Sp4c Edward A. DeVore, Jr. Medal of Honor, Vietnam

 

Sp4c Edward A. DeVore, Jr. Medal of Honor, Vietnam
Sp4c Edward A. DeVore, Jr. Medal of Honor, Vietnam

BY DUANE A. VACHON, PH.D.  Edward A. DeVore, Jr. was born in Torrance, California on June 15, 1947.  He was 20 years old when he joined the army in Harbor City, California.  DeVore would not live to see his 21st birthday.  He gave his life for his country before he was old enough to buy a beer in many of its states.

After basic training and advanced infantry training Devore was assigned to Company B, 4th Battalion, 39th Infantry Regiment, 9th Infantry Division.

On March 17, 1968 was serving as a Specialist Four in Company B, 4th Battalion, 39th Infantry Regiment, 9th Infantry Division. During a firefight on that day, near Saigon in the Republic of Vietnam, he single-handedly attacked an enemy position which had pinned down his squad, drawing fire to himself and allowing his comrades to retreat to safety.  His platoon, the company’s lead element, came under intense fire from automatic weapons, Claymore mines, rockets and grenades from well-concealed bunkers in a nipa palm swamp. One man was killed and three wounded 20 meters from the bunker complex. Sp4 DeVore raced through a hail of fire to provide a base of fire with his machinegun, enabling the point element to move the wounded back to friendly lines. After supporting artillery, gunships and air strikes had been employed on enemy positions, a squad was sent forward to retrieve their fallen comrades. Intense enemy weapons fire pinned down this element in the kill zone. With complete disregard for his safety, Sp4 DeVore assaulted the enemy positions. Hit in the shoulder and knocked down 35 meters short of his objectives, he ignored his pain and the warnings of his fellow soldiers, jumped to his feet and continued his assault. Although mortally wounded, he continued to place suppressive fire upon the entrenched insurgents. By drawing the enemy fire upon himself he enabled the trapped squad to rejoin the platoon in safety. DeVore was mortally wounded in the assault and died the next day. He was posthumously awarded the Medal of Honor for his actions.

 

 

 

Medal of Honor
Medal of Honor

Medal of Honor citation

For conspicuous gallantry and intrepidity in action at the risk of his life above and beyond the call of duty. Sp4c. DeVore, distinguished himself by exceptionally valorous actions on the afternoon of 17 March 1968, while serving as a machine gunner with Company B, on a reconnaissance-in-force mission approximately 5 kilometers south of Saigon. Sp4c. DeVore’s platoon, the company’s lead element, abruptly came under intense fire from automatic weapons, Claymore mines, rockets and grenades from well-concealed bunkers in a nipa palm swamp. One man was killed and 3 wounded about 20 meters from the bunker complex. Sp4c. DeVore raced through a hail of fire to provide a base of fire with his machine gun, enabling the point element to move the wounded back to friendly lines. After supporting artillery, gunships and air strikes had been employed on the enemy positions, a squad was sent forward to retrieve their fallen comrades. Intense enemy frontal and enfilading automatic weapons fire pinned down this element in the kill zone. With complete disregard for his personal safety, Sp4c. DeVore assaulted the enemy positions. Hit in the shoulder and knocked down about 35 meters short of his objectives, Sp4c. DeVore, ignoring his pain and the warnings of his fellow soldiers, jumped to his feet and continued his assault under intense hostile fire. Although mortally wounded during this advance, he continued to place highly accurate suppressive fire upon the entrenched insurgents. By drawing the enemy fire upon himself, Sp4c. DeVore enabled the trapped squad to rejoin the platoon in safety. Sp4c. DeVore’s extraordinary heroism and devotion to duty in close combat were in keeping with the highest traditions of the military service and reflect great credit upon himself, the 39th Infantry, and the U.S. Army.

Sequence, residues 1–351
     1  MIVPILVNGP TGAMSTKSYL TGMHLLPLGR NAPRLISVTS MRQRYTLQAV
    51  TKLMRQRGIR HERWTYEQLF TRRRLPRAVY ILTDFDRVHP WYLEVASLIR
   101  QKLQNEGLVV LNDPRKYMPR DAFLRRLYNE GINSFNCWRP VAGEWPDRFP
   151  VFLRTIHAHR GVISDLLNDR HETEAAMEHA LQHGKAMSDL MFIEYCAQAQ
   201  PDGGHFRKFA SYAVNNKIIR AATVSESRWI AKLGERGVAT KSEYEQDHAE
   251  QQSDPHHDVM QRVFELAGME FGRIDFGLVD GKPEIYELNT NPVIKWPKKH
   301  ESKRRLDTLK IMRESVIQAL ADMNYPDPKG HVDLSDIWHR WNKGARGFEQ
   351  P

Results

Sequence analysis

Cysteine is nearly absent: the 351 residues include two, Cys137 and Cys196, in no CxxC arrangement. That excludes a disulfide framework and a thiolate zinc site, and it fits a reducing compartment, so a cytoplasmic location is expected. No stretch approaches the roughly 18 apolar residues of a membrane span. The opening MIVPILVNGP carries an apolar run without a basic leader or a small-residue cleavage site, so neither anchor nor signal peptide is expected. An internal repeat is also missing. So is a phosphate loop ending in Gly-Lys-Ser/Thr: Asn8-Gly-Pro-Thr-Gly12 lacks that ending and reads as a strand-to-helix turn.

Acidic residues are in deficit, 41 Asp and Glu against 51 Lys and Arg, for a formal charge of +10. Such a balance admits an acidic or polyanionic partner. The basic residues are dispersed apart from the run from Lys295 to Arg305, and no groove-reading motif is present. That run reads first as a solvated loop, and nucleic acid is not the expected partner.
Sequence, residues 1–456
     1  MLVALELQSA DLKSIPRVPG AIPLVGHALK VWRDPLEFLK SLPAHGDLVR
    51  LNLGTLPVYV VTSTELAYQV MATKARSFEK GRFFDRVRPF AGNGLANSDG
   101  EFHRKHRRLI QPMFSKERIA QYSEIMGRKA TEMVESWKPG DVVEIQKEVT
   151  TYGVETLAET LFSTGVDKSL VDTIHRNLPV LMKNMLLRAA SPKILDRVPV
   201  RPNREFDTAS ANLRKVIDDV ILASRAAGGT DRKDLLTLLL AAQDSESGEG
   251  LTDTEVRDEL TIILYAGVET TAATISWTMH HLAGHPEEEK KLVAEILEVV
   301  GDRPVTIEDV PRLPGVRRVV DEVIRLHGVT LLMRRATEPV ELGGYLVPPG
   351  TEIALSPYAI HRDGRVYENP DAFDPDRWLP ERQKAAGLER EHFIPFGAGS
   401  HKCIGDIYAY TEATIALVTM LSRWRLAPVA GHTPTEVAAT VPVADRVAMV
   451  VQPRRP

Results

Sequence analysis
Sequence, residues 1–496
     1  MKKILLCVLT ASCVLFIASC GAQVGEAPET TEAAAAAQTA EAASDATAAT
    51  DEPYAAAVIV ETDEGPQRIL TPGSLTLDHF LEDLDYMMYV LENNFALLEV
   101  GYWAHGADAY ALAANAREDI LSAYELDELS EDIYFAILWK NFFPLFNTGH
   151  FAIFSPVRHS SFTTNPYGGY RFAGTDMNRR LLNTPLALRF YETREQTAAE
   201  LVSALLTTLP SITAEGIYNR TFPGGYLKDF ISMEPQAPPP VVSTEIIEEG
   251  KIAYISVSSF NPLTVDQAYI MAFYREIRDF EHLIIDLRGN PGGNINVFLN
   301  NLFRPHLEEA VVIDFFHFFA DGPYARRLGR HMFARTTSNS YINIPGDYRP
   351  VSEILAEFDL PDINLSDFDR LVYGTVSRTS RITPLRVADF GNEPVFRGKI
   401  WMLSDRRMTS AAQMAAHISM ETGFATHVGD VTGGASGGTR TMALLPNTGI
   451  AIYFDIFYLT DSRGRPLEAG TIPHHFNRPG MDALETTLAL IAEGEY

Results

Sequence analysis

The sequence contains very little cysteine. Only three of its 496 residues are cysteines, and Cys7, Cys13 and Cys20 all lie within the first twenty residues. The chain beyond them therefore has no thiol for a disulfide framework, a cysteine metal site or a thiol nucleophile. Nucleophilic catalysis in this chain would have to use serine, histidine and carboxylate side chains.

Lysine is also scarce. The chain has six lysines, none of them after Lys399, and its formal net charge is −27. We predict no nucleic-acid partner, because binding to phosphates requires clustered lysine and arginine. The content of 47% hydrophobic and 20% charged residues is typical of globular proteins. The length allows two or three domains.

Sp4c Edward Allen DeVore, Jr. was aged 20 at his death  and is buried in Green Hills Memorial Park, Rancho Palos Verdes, California.  The next time you are having a beer, why not give a thought and a toast to Sp4 DeVore.   It is said a man hasn’t died as long as he is remembered.

The information in this article was sourced from a variety of sources both internal and external. Every effort was made to ensure that the information is current and correct. These articles are presented to honor the heroes they are written about.

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If you can read this, thank a teacher. If you can read this in English, thank a veteran.

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